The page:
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Three tiny orange mussels with short pointy protruberances.
Information icon Tar River spinymussels. Photo by Chris Eads, NC State University.

Tar River spinymussel

Elliptio steinstansana

This freshwater mussel can only be found in North Carolina rivers and streams. It is now limited to a very small portion of its probable historical range and it could become extinct without significant intervention. Biologists from multiple organizations are working together to recover the species and conserve its habitat.

  • Taxon: Mollusk
  • Range: Edgecombe, Franklin, Halifax, Johnston, Nash, Pitt, Warren counties, North Carolina.
  • Status: Endangered, Listed July 29, 1985


Clean young shells are shiny, usually yellowish-brown, and often have greenish rays streaking outward from the hinge area. Older shells become brownish and tend to lack rays. One or two rows of spines can be present, with up to six spines on each valve. The spines rarely exceed 5mm in length. Shells rarely exceed 55mm in length.


The Tar River spinymussel lives in relatively silt-free unconsolidated beds of coarse sand and gravel in relatively in fast-flowing, well oxygenated stream reaches. It is found in association with other mussels, but it is never very numerous.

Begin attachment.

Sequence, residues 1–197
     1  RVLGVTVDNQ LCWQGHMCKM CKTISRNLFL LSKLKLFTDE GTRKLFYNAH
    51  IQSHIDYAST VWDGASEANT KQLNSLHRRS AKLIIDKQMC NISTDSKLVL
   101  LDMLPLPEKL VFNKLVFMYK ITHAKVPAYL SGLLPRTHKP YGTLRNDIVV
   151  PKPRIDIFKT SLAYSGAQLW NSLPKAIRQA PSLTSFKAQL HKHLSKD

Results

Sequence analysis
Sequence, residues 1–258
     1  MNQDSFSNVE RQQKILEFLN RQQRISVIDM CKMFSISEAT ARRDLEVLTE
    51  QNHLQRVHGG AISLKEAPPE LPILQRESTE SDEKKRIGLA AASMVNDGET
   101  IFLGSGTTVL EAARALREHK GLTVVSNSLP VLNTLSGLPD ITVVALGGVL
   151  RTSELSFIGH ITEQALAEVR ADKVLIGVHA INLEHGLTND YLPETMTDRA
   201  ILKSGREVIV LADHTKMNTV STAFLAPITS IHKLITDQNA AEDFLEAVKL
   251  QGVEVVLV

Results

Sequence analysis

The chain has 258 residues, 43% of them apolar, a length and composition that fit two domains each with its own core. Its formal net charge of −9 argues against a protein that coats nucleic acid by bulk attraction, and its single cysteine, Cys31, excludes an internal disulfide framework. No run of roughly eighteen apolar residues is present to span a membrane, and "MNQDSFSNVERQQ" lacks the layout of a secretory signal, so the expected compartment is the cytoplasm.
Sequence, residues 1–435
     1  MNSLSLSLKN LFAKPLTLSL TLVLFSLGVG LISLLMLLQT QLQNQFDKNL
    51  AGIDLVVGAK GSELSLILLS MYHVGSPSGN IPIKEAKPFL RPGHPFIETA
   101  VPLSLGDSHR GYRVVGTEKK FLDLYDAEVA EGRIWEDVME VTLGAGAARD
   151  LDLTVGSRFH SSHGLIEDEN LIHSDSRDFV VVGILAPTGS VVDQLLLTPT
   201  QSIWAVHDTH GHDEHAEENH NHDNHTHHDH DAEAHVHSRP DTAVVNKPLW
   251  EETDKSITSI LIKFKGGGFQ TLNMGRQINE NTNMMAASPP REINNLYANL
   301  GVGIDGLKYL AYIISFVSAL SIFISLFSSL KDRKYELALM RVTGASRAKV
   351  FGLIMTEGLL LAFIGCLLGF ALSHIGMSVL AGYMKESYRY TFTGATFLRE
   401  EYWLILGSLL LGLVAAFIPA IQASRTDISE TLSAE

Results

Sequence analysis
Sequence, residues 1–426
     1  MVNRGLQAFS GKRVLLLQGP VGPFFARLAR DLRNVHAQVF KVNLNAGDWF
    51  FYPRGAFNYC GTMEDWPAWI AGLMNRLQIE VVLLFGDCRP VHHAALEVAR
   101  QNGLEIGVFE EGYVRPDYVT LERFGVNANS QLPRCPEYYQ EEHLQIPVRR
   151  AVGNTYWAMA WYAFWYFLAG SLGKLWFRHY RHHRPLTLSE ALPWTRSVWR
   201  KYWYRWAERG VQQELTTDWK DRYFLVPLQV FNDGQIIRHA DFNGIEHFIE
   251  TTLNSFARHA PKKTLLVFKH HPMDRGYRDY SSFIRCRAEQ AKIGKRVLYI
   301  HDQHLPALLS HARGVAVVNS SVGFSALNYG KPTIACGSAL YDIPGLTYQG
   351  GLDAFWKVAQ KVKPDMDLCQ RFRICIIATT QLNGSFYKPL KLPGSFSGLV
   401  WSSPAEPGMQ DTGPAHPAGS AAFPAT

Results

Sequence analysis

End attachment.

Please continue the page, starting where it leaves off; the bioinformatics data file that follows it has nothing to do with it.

This mollusk feeds by siphoning and filtering small food particles that are suspended in the water.

Historical range

The Tar River spinymussel is endemic to only the Tar River and Neuse River systems in North Carolina. In the Tar River system, the species has been documented from the mainstem of the Tar River, Shocco Creek, Fishing Creek, Little Fishing Creek, Swift Creek, and Chicod Creek. In the Neuse River system, the species has been documented only from the Little River.

Current range

A map showing the presence of Tar River spinymussel in east-central North Carolina.
Tar River spinymussel distribution in North Carolina. Map by USFWS.

Conservation challenges